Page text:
Bloom: It would not be a misreading at all. I began brooding about the anxiety of influence well before I came up with the phrase—probably in a course I took, back when I was 18 or 19, about the New Testament and the Hebrew Bible.
I think the Greek New Testament is the strongest and most successful misreading of a great prior text in the entire history of influence. Everything in the New Testament is deliberately lined up so as to serve—so they say—as the ultimate fulfillment of the Hebrew Bible. But, historically speaking, I do not think the treatment Jews have received from Christians is any kind of fulfillment. Rather it’s an endless—I must fall back on the Yiddish here—shandah [shame].
Blume: You identify yourself as a Gnostic Jew. Meaning what?
Bloom: A heretical Jew. I’m a sort of Emersonian Gnostic. I believe, as Emerson did, in the god within—that there is loaded within the rock of ourselves that oldest and best part of us, which in some curious sense is divine.
Blume: When you say Yahweh is your favorite literary character, does that mean, to your mind, that Yahweh is only a literary character?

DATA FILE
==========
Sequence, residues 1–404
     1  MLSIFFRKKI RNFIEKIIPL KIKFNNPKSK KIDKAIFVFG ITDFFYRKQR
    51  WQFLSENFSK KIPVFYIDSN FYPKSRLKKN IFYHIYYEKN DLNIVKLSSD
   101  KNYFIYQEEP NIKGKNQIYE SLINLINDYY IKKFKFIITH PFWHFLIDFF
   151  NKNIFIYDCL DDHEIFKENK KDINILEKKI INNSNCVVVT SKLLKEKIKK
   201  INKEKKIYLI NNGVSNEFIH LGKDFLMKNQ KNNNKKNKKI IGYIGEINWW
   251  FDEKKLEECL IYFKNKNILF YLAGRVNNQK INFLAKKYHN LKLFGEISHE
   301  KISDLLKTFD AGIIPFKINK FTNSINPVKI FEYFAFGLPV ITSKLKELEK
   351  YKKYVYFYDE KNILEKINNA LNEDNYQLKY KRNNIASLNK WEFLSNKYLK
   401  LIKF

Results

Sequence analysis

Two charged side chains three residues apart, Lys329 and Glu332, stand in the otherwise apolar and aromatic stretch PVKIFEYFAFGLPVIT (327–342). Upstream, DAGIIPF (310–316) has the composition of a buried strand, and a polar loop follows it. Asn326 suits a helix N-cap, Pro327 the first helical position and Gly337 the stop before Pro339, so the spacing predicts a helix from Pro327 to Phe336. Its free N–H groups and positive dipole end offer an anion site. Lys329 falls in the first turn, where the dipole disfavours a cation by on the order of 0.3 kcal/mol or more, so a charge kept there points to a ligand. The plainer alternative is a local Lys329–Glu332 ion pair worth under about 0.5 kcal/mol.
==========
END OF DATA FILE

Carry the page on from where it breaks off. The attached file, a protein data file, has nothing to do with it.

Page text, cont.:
Bloom: There is such metaphysical density, such power, so much sense of human reality in Falstaff, Lear, Hamlet, Mark’s Jesus, and, most of all, the Yahweh of the Yahwist or J writer of the Hebrew Bible, that they are at least as real as you are, no matter who you are.
Blume: It strikes me that Jesus and Yahweh is a 21st-century religious polemic, against Christianity and for Judaism.
Bloom: That is not an unfair description. I did not set out to do that, but I suppose that’s me, and I couldn’t keep it out. When Christianity became the official religion of Rome, it fused with Roman power, which had been used to scourge and destroy us, including presumably the historical Jesus. Jesus lived and died with Yahweh. He was no Christian, which is something that Christians can’t seem to get through their heads. He was a better Jew than I am, let me put it that way.